The 54 are continuing to collect more signatures to their commitment among reformist colleagues in the 290-seat parliament who are facing wholesale rejection by a conservative candidate-vetting body.
They also vowed in a statement not to sit in the outgoing parliament between the 20 February elections and the opening of the new assembly in June, potentially paralysing the legislature for months.
"We, representatives of the people, swear that if the rights of the candidates in the legislative elections are not guaranteed we will not take part in elections where the free choice of voters is trampled," the statement said.
"We bind ourselves not to sit in parliament ... if the elections amount to nominations," it added.
Earlier on Thursday, Iranian hardliners beat up speakers at a protest meeting against the wholesale rejection of pro-reform election candidates, hours before the expiry of a reformists' ultimatum warning of a poll boycott.
Some 200 members of the Islamic Hizb Allah movement burst into the meeting in the ultra-conservative town of Hamedan in western Iran late on Wednesday, the state news agency IRNA reported on Thursday.
"We, representatives of the people, swear that if the rights of the candidates in the legislative elections are not guaranteed we will not take part in elections where the free choice of voters is trampled. We bind ourselves not to sit in parliament ... if the elections amount to nominations."
Speakers were condemning the decision of the conservative Guardians Council to ban hundreds of reformists from standing in 20 February parliamentary polls for allegedly failing to satisfy the Islamic qualifications.
The assailants injured a number of speakers, including student leader Said Razavi Fagih, reformist MP Husein Lughmanian and Hussein Mujahid, a head of the main pro-reform party, Islamic Iran Participation Front (IIPF), IRNA said.
The reformist daily Yas-e No reported that Mujahid was hospitalised with his nose and an arm broken.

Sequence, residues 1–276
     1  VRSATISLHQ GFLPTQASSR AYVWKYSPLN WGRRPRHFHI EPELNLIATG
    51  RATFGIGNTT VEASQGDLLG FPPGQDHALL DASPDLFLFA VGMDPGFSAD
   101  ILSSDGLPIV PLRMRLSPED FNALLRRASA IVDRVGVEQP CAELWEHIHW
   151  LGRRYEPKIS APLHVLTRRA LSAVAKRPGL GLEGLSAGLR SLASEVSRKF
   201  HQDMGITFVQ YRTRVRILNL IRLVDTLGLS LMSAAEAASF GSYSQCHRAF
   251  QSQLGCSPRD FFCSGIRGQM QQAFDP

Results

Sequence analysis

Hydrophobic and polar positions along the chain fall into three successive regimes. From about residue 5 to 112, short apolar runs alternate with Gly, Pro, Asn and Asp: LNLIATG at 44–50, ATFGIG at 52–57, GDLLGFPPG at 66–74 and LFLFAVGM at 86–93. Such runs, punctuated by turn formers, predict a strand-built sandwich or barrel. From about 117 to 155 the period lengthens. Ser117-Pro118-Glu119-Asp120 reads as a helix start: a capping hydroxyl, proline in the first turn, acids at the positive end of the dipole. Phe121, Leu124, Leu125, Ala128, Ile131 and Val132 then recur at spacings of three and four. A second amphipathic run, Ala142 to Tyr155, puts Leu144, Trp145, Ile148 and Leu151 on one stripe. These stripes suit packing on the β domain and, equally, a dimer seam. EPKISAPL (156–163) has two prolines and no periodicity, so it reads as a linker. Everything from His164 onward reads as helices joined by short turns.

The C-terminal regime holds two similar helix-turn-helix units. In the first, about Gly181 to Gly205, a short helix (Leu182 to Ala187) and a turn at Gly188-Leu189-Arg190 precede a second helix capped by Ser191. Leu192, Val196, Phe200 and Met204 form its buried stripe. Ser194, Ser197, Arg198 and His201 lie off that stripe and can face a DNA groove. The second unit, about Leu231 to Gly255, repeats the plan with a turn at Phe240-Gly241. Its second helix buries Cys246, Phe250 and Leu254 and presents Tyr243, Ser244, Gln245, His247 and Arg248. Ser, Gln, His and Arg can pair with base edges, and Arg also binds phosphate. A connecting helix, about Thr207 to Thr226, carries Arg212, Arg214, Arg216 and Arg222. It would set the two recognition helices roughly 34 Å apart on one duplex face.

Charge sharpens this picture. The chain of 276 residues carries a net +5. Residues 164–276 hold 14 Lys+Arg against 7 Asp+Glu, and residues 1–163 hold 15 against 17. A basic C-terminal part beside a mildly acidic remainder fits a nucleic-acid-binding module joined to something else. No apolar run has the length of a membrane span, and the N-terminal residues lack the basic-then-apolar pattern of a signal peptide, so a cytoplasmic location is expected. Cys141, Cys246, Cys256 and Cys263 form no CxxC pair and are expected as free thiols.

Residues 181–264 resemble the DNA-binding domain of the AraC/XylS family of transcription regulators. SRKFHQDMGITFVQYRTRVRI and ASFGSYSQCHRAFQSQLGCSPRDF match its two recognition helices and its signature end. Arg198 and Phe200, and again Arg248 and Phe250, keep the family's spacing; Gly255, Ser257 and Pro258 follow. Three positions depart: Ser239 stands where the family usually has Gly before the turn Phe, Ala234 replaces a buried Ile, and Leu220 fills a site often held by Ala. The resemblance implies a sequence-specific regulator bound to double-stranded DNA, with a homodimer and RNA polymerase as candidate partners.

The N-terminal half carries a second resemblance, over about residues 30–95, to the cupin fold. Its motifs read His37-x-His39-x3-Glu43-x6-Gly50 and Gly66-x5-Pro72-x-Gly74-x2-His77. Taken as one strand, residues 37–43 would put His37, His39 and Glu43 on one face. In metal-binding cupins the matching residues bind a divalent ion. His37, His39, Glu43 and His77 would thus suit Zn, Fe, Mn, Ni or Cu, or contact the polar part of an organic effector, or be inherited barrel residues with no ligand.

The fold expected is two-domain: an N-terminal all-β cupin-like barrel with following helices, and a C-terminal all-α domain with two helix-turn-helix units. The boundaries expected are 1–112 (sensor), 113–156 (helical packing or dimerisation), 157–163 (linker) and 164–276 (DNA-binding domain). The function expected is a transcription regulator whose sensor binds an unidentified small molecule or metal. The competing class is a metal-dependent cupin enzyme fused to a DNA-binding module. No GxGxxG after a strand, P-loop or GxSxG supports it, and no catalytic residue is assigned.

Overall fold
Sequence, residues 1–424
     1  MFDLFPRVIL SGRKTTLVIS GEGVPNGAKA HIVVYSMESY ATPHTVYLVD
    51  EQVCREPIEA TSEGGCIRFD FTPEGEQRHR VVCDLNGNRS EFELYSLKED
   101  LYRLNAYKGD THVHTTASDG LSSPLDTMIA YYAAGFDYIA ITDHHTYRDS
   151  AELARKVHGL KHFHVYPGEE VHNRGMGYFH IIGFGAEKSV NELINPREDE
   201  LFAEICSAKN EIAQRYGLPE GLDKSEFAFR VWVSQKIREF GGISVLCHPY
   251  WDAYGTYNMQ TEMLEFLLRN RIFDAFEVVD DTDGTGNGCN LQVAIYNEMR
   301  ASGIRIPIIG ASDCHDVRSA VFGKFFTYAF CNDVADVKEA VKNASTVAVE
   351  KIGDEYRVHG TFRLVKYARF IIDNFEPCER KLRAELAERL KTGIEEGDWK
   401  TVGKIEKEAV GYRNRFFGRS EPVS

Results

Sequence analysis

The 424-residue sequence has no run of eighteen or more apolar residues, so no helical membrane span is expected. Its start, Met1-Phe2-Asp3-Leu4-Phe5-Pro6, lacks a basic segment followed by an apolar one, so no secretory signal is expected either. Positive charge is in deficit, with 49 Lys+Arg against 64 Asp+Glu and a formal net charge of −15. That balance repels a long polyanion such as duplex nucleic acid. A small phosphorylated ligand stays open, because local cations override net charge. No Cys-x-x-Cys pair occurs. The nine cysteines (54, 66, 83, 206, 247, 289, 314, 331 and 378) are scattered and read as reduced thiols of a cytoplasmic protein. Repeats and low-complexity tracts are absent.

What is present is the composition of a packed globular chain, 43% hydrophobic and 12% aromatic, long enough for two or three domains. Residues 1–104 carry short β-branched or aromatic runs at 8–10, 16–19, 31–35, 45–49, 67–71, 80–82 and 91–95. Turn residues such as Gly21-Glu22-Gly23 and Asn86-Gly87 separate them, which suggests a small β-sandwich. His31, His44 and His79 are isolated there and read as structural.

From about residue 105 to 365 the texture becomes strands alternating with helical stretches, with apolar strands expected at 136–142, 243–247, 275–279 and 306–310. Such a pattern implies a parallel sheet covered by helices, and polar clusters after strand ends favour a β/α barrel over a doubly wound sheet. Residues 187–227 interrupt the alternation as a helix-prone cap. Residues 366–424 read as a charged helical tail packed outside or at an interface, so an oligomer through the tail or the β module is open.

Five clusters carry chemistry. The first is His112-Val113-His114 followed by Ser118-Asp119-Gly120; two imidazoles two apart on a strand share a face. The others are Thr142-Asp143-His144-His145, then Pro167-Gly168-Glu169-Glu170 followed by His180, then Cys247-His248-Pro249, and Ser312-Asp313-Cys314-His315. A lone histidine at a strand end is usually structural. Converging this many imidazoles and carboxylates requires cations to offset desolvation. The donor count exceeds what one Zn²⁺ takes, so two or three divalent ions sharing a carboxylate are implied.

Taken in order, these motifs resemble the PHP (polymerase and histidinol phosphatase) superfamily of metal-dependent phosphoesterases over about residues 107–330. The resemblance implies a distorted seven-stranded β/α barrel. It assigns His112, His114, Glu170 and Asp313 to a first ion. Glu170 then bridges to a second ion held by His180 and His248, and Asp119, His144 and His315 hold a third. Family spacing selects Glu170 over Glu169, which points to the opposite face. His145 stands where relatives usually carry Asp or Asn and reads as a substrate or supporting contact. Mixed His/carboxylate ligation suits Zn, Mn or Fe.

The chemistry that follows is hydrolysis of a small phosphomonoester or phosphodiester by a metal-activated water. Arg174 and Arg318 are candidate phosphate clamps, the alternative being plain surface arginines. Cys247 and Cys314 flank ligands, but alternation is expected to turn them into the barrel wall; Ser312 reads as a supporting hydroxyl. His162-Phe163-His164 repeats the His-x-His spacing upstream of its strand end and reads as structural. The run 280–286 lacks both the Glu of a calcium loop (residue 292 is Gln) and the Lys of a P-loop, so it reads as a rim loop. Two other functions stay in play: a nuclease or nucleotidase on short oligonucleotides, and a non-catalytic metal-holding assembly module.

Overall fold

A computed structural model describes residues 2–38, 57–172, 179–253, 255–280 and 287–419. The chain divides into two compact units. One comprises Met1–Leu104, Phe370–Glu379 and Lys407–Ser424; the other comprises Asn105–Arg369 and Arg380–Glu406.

The 12-member Guardians Council which screens all legislation and candidates plunged Iran into one of its most serious crises when it disqualified 3605 of the 8157 people seeking to stand for the parliament, or Majlis.
Most were reformists. Among those figuring on the blacklist were prominent figures in the reform movement and some 83 incumbent MPs.
Supreme leader Ayat Allah Ali Khamenei last week ordered the council, all of whose members he directly or indirectly appoints, to be less stringent in its vetting procedure.
The council has since reinstated some 300 candidates, but none of them is a sitting MP.
The list of approved candidates
will be released on 30 January
On Sunday, 18 reformist parties in a coalition said in an open letter to President Muhammad Khatami that they would decide on Thursday whether to boycott the election.
The coalition, led by the IIPF of Khatami's brother Muhammad
Riza Khatami, said it would make its decision based on the extent of the Guardians Council's review process.
Several dozen reformists MPs were on Thursday continuing a sit-in protest which was launched on 11 January when the Guardians Council issued its blacklist, triggering charges of an attempted "coup" in the Islamic republic.
"So far, the files of 260 (rejected) candidates have been
approved," said Sayid Muhammad Jahromi, an election official in the council, quoted by the state television.
He said 10 commissions have been set up to re-examine the
vetting process and that their decisions would be "announced
gradually over the coming days".
Despite the ultimatum laid down by deputies, the Guardians
Council has until 30 January to inform the interior ministry, which is in charge of organising the polls, of the final approved list of candidates, he said.